“I’d say the crowd is pretty evenly divided the way Kentucky is,” said Bennie J. Smith, a civil-rights activist and jazz musician running a long-shot Democratic campaign against McConnell. “Some don’t like him, and some hate him.”


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Trump goes on insane conspiratorial rant accusing Obama of being behind the ‘corrupt’ 2016 election

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President Donald Trump on Wednesday went on a crazed conspiratorial rant in which he accused former President Barack Obama of being behind the purportedly "corrupt" election in 2016 that Trump himself actually won.

During a joint press conference with Sergio Mattarella, the president uncorked a rambling tirade in which he claimed without any evidence that Obama had tried to rig the 2016 election against him.

"It was a corrupt election," Trump said, before saying that Attorney General Bill Barr was looking into whether that corruption "goes right up to President Obama." The president then predicted that the investigation would implicate Obama.

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EU ambassador Sondland described as ‘potential national security risk’ by ex-Trump official: report

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Gordon Sondland, the man whom President Donald Trump appointed to be ambassador to the European Union, was described this week as a "potential national security risk" by a former top White House adviser, according to the New York Times.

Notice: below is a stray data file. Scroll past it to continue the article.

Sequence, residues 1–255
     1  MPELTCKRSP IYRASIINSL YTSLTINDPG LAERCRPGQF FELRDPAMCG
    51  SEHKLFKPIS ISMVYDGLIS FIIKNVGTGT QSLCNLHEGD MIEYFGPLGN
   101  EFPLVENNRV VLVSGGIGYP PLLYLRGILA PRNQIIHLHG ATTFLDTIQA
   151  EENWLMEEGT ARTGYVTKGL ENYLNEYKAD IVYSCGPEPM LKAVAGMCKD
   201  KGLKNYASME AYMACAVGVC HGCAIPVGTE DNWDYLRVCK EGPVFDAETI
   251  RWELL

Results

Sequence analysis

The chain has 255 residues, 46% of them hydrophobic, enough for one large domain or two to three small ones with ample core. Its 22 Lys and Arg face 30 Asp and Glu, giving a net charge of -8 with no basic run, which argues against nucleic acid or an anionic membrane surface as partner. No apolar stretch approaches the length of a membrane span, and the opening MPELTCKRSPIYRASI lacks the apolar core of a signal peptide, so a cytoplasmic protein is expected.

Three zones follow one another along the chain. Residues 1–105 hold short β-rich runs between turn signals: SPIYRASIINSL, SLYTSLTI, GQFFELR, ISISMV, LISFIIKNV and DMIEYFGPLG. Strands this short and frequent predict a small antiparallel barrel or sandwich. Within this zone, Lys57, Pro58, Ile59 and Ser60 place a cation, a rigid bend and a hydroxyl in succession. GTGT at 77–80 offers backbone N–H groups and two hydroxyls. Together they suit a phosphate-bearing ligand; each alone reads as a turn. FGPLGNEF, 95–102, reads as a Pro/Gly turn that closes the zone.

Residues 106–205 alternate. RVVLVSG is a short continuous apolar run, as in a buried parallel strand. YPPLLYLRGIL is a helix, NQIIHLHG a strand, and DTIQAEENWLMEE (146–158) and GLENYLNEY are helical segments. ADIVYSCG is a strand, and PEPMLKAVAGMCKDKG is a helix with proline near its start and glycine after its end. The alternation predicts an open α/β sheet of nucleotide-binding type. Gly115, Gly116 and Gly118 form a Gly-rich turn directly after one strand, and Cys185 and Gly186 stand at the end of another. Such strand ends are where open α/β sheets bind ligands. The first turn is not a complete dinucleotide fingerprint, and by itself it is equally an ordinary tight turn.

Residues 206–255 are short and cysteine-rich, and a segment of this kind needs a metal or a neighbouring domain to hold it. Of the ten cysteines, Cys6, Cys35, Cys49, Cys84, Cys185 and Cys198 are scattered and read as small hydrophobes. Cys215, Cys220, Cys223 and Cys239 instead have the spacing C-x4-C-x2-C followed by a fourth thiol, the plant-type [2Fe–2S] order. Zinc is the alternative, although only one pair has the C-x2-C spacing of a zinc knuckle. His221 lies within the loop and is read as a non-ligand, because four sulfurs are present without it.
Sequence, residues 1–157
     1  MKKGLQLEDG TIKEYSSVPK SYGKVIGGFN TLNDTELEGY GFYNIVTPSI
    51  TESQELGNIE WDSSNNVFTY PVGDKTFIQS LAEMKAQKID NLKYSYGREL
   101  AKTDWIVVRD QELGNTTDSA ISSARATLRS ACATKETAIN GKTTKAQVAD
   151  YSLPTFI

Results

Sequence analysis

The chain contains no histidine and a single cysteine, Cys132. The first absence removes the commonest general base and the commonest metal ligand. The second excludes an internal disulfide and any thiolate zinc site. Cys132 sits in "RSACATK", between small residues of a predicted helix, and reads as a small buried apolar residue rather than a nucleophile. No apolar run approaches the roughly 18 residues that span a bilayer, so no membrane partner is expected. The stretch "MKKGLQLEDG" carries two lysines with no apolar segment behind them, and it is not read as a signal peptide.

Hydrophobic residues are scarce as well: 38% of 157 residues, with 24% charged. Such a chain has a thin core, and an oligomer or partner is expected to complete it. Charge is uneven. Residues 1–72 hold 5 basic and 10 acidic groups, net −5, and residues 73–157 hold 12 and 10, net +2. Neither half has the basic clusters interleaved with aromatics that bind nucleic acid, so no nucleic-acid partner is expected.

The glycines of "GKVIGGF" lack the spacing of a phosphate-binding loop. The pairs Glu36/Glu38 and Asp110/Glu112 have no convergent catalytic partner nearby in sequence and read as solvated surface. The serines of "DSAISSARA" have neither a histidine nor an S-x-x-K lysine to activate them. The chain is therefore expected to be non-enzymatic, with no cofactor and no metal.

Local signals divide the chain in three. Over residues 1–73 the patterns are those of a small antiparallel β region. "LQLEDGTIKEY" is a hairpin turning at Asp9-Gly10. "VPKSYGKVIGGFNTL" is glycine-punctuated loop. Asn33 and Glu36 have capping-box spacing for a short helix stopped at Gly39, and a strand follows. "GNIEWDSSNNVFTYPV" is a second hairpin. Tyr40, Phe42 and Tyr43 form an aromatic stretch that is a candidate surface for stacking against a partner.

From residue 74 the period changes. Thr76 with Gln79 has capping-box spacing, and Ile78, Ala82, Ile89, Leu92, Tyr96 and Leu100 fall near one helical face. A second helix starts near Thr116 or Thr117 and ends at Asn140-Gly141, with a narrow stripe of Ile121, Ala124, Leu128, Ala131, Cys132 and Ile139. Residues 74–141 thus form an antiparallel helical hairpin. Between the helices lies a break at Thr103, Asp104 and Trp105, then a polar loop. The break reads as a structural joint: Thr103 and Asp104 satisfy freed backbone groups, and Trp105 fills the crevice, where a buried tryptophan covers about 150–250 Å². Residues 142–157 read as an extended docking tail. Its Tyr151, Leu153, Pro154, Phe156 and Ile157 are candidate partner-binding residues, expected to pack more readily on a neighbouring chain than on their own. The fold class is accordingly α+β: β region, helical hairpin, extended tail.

According to the Times, former National Security Counsel official Fiona Hill said that Sondland posed a risk to American security because he was shockingly unqualified for the job he was given.

"[Hill] described Mr. Sondland, a hotelier and Trump donor-turned-ambassador, as metaphorically driving in an unfamiliar place with no guardrails and no GPS," the Times reports.

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‘Not true’: Fox News calls out Trump for lying about keeping US soldiers out of harm’s way

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As the U.S. military grapples with the logistics of a quick withdrawal from the northern part of Syria, President Donald Trump drew criticism for abandoning the Kurds and endangering U.S. troops. There are also reports that the army's departure has resulted in members of ISIS escaping from prison.

On Wednesday, Trump defended his decision, insisting that U.S. soldiers were not in danger. "Our soldiers are not in harm's way," he said. “That has nothing to do with us,” he added, about the conflict between Turkey and the Kurds at the Turkish-Syrian border.

But top military officials told Fox News that this was not true. "Not true, according to top US military commanders who tell Fox this is a complicated, deliberate phased withdrawal with a lot of inherent risk," Jennifer Griffin, National Security correspondent for Fox News, wrote on Twitter. "Already US warplanes had to warn approaching foreign troops with a show of force."